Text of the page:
MSI K8N Diamond
- Built-in Creative SoundBlaster Live!, wide array of connectivity options, good performance, good board monitor software
- SLI functionality must be manually installed
All things considered, this board impressed us with its features, especially its on-board Creative audio, but we did have to fiddle with different drivers in order to get the RAID array detected properly by Windows.
Price$ 399.00 (AUD)
Best Deals (Selling at 5 stores)
One of the distinguishing features on this nForce4 SLI-based board is its built in Creative SoundBlaster Live! audio chip, which provides audio capabilities that easily outstrip the majority of motherboards. It supports up to 7.1 speakers and has analog as well as digital ports on its rear port cluster.
Two Gigabit Ethernet ports, a FireWire port along with USB 2.0, Serial, PS/2 and parallel ports also adorn the rear port cluster. MSI supplies expansion brackets for further USB 2.0 and FireWire ports, as well one for an external SATA port.
The board has RAID support through its four integrated SATA ports and MSI also adds a further two ports using a Silicon Image controller. We had a bit of difficulty locating the correct RAID drivers for our Windows XP installation, as the package we received for this review did not include retail driver discs, and the drivers that worked were the ones directly off Nvidia's Web site.
The board performed similarly to others nForce4 boards, with no anomalies. It's worth pointing out that MSI uses a VIA-based FireWire controller, whereas the other vendors rely on Texas Instrument controllers.
MSI provides some great utilities to allow you to monitor your system. DigiCell software allows you to view information, such as fan speeds and chip temperatures through Windows.
Physically, the board has all its ports and slots located in a logical manner, although there was one capacitor near the release lever of the first graphics slot. To enable SLI, the board requires that a selector board be physically manipulated.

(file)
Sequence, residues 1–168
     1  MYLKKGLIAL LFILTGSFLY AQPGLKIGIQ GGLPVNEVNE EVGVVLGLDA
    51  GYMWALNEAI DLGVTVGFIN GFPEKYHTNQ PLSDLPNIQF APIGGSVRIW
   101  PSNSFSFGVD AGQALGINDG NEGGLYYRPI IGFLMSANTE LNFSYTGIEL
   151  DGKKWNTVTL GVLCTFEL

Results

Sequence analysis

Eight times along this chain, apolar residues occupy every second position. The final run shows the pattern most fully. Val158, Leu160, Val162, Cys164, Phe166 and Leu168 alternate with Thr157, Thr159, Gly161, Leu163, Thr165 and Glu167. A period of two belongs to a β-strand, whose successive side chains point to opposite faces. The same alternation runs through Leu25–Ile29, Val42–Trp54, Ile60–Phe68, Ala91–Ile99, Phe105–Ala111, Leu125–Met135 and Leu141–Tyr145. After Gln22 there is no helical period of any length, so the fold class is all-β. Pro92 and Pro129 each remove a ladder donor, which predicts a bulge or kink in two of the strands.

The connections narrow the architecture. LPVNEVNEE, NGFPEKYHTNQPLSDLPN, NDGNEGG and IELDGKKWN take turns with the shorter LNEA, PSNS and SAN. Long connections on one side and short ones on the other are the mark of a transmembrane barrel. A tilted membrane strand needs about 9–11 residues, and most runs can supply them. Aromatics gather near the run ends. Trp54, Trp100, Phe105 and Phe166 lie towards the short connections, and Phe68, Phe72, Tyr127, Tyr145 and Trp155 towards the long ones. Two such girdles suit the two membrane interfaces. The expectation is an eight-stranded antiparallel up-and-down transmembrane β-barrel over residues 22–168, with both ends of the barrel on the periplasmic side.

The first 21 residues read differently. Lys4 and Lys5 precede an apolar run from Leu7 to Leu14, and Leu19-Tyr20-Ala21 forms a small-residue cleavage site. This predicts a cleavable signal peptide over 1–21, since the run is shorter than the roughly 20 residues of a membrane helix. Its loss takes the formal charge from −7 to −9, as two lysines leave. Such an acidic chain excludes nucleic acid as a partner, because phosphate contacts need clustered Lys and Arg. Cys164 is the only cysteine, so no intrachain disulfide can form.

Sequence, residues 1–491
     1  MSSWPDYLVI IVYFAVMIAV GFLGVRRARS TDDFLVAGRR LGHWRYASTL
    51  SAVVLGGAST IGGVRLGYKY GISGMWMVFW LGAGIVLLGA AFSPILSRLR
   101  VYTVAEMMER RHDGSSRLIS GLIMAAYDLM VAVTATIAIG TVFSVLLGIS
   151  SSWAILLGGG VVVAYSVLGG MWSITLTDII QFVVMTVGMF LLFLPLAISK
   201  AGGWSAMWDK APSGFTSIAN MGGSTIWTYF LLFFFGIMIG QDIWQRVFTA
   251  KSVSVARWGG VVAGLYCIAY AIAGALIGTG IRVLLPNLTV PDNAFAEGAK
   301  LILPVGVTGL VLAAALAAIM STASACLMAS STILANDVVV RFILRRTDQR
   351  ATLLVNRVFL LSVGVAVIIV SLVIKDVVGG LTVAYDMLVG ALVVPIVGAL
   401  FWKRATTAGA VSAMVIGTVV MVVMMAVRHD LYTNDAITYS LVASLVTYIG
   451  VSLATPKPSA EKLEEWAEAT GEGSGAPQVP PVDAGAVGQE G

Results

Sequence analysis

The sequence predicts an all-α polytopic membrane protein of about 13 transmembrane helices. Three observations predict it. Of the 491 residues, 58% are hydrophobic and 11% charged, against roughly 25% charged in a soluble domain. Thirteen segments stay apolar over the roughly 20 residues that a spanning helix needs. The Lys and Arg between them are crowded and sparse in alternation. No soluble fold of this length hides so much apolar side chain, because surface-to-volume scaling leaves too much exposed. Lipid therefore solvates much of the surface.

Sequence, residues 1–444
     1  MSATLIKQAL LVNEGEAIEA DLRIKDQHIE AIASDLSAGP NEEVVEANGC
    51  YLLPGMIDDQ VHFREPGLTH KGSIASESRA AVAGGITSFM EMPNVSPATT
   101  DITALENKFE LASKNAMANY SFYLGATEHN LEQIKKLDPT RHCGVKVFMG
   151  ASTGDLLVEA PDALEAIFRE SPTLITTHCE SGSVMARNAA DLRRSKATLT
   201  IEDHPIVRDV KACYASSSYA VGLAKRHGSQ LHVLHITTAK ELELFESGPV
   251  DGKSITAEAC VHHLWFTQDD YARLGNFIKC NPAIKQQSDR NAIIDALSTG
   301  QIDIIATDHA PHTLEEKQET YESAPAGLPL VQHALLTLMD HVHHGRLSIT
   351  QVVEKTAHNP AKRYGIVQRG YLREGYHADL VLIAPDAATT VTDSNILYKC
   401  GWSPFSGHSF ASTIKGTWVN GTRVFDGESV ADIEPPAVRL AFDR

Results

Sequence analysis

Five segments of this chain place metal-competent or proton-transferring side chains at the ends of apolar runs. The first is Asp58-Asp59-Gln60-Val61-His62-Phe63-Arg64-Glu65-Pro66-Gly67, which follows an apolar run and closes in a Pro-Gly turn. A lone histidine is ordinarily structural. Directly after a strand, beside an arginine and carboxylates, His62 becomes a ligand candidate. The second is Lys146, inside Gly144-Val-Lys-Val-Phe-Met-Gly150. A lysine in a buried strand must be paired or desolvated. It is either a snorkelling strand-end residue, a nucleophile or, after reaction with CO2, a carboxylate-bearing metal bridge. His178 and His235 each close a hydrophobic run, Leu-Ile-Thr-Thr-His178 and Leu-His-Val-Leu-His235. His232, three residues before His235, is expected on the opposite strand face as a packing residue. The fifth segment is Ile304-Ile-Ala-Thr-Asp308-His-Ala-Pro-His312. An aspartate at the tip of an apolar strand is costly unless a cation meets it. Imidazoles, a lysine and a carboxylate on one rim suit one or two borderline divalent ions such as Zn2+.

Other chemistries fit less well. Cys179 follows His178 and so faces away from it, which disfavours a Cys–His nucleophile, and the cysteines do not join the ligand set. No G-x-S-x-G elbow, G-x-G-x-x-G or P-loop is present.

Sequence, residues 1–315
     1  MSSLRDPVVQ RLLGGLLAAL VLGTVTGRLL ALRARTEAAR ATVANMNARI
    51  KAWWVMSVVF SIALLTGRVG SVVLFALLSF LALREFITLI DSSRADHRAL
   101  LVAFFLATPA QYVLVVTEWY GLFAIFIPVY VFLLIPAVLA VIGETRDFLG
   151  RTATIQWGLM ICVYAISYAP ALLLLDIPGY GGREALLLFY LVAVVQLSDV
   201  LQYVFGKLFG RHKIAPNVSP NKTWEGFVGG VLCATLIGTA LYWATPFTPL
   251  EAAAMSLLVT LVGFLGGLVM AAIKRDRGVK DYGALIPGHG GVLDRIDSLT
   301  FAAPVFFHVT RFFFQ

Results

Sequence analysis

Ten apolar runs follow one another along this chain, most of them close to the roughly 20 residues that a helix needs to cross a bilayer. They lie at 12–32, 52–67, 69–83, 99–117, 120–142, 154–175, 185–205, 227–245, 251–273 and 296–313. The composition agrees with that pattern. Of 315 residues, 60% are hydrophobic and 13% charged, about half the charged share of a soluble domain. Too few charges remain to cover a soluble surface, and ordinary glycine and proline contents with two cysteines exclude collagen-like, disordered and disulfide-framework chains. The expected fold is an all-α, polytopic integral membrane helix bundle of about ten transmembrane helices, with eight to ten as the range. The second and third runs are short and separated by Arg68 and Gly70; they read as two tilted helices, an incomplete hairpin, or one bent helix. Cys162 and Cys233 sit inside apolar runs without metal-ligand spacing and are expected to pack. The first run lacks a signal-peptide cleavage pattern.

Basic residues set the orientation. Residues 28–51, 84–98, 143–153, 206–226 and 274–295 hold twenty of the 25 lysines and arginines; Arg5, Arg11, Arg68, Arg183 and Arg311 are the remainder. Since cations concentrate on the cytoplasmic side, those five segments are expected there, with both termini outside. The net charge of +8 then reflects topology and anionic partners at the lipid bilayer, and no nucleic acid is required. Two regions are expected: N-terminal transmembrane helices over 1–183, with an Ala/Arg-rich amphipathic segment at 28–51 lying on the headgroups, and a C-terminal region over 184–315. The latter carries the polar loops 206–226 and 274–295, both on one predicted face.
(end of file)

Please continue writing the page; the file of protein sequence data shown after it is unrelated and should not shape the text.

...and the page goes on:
Join the Good Gear Guide newsletter!
Most Popular Reviews
- 1 Playing chicken with a Tesla Model S
- 2 Audi TT (2015) review: A smarter take on the sports coupe
- 3 Microsoft Lumia 640 review: Honouring Nokia's legacy
- 4 Apple Watch review: saving time
- 5 Samsung SUHD smart TV (JS9500) review
Deals on Good Gear Guide
- Networking, Wireless & VoIP
Deals on Good Gear Guide
Latest News Articles
- Mac users exposed by zero-day vulnerability
- Intel shows first Skylake tablet
- Hands-on with AMD's FreeSync: The technology that could kill Nvidia's G-Sync
- Qualcomm's Raspberry Pi-like computer has wireless capabilities
- Windows 10 powers up PC gaming with DirectX 12, native DVR, deep Xbox integration
GGG Evaluation Team
First impression on unpacking the Q702 test unit was the solid feel and clean, minimalist styling.
For work use, Microsoft Word and Excel programs pre-installed on the device are adequate for preparing short documents.
The Fujitsu LifeBook UH574 allowed for great mobility without being obnoxiously heavy or clunky. Its twelve hours of battery life did not disappoint.
The screen was particularly good. It is bright and visible from most angles, however heat is an issue, particularly around the Windows button on the front, and on the back where the battery housing is located.
My first impression after unboxing the Q702 is that it is a nice looking unit. Styling is somewhat minimalist but very effective. The tablet part, once detached, has a nice weight, and no buttons or switches are located in awkward or intrusive positions.